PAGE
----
With the Cumberland
and the Tennessee Rivers
, and all the railroads in the Union
possession, the rebellion would have been
confined to the other States, and the resources of Tennessee
would have been lost to the Confederate
It would have been better to have thrown three hundred thousand men at once into Tennessee
and crushed the rebellion there, instead of losing a greater number in the end and prolonging the war for four years.
On the 4th of March Flag-officer Foote
got under way from Cairo
, and proceeded down the river towards Columbus
Besides the flag-ship Benton
, there were the Mound City
, Commander A. H. Kilty
, Commander B. M. Dove
, Commander H. Walke
, Commander R. N. Stembel
; St. Louis
-Commanding L. Paulding
-Commanding E. Thompson
-Commanding J. W. Shirk
, with four transports, each having five mortar-boats in tow; also a magazine boat and a provision boat.
The squadron was accompanied by troops under General Buford
, in four steamers, half a dozen tugs, and a large number of barges and lighters in tow.
As this expedition approached Columbus
the Union flag was seen floating from the ramparts.
It had been taken possession of two days before by a company of cavalry scouts from Paducah
, under Col. Haas
The enemy had already fortified certain positions further South on the Mississippi
, and had also re-inforced Island No.10
. Gen. Pope
, with an army of ten thousand men, hastened to occupy New Madrid, on the west bank of the Mississippi
, below Island No.10
, and he at once detected the weakness of the enemy's position.
established a line of batteries from New Madrid to a point fifteen miles below Island No.10
, thus shutting the enemy off from his only source of supply along the river; for everywhere, on both sides of the river for sixty miles. nothing but swamps existed, through which provisions could not be transported.
Having established his batteries, it was Gen. Pope
's intention to cross the river with his army and attack the enemy's position from below, and to do this the aid of gunboats was necessary.
In anticipation of this, the enemy had erected batteries at every point where they would be likely to do harm to the Federal squadron.
, seeing that a floating force was indispensable to the success of his operations, requested Flag-officer Foote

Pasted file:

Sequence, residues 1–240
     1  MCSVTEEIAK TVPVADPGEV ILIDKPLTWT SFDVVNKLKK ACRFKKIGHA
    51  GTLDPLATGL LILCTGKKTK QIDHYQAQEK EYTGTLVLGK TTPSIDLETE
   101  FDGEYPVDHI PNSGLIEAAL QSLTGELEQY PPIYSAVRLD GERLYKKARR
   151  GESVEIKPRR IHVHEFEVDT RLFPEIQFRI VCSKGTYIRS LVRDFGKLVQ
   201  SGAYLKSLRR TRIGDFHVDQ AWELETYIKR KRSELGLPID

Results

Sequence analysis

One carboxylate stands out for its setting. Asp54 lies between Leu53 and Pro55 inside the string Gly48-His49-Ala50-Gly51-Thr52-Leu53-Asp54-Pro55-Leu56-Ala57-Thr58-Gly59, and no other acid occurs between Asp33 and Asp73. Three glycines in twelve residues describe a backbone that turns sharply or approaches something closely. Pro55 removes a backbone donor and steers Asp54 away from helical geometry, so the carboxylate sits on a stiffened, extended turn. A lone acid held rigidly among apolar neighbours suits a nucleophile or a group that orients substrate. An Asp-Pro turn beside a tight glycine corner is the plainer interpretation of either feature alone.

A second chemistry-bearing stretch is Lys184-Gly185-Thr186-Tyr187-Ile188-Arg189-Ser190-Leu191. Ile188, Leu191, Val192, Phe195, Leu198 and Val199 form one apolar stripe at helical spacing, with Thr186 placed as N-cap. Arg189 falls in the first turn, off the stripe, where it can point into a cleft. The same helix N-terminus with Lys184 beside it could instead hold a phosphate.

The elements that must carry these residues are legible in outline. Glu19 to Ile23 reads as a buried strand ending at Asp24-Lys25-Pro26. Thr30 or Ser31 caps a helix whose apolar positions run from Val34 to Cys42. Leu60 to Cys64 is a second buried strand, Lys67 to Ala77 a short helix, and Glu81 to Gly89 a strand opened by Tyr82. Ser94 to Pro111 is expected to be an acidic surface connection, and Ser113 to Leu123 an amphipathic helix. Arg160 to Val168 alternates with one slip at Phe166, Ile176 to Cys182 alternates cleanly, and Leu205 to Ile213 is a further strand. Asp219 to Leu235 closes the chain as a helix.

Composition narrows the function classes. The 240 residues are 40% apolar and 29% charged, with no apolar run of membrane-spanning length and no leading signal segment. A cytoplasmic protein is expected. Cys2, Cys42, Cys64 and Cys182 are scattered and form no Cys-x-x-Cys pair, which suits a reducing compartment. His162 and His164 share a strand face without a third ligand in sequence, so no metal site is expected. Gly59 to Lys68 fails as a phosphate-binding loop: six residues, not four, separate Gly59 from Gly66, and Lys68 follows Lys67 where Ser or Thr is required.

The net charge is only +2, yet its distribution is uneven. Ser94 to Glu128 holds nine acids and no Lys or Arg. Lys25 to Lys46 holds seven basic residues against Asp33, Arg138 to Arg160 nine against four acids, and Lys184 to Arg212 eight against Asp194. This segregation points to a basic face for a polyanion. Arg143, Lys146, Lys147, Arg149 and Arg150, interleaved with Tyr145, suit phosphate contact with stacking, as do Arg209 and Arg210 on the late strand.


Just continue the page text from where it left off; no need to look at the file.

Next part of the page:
to send down a gun-boat past the enemy's batteries at night; but as the gun-boats were slow-moving machines and difficult to manage in the strong current of the Mississippi
, the Flag-officer
informed the General
that he would send him two tugs through a bayou, and would endeavor to get two gun-boats down to him in time.
On the 20th of March the squadron, with the mortar vessels, were lying above Island No.10
, throwing shells into the enemy's batteries, occasionally dismounting a gun, but doing no material damage; but so urgent was Gen. Pope
's appeal for a gun-boat that Flag-officer Foote
, for the first time, summoned a council of his commanding officers.
To use Foote
's own words, “The officers, with one exception, were decidedly opposed to running the blockade, believing it would be certain destruction to all the vessels that should attempt it.”
There were six forts, with over fifty guns bearing on the vessels.
does not mention who was the exception, and who in this instance was certainly a wiser man than his brother officers.
Running the enemy's batteries had not at that time been
much practiced, but as the war progressed it was found not to be a very dangerous thing by night, and often practicable even in the daytime.
Foote on this occasion remarked: “When the object of running the blockade is adequate to the risk, I shall not hesitate to do it.”
He had a difficult task before him in assisting Gen. Pope
to drive the enemy from Island No.10
and the adjacent heights along the Mississippi
, where they altogether are stated to have mounted seventy heavy guns, in addition to a floating battery of sixteen guns; but making every allowance for exaggeration, there certainly were mounted not less than seventy-five guns in the immediate vicinity.
If the Union gunboats could hold the river above, and New Madrid be occupied by a large force of troops, with batteries placed along the river below the enemy's works and to the edge of the great swamp surrounding them, the Confederate
garrison would be hemmed in, and must yield when its supplies gave out.
The Confederate fortifications were placed at such a height above the river that the fire of the gun-boats had little effect on them.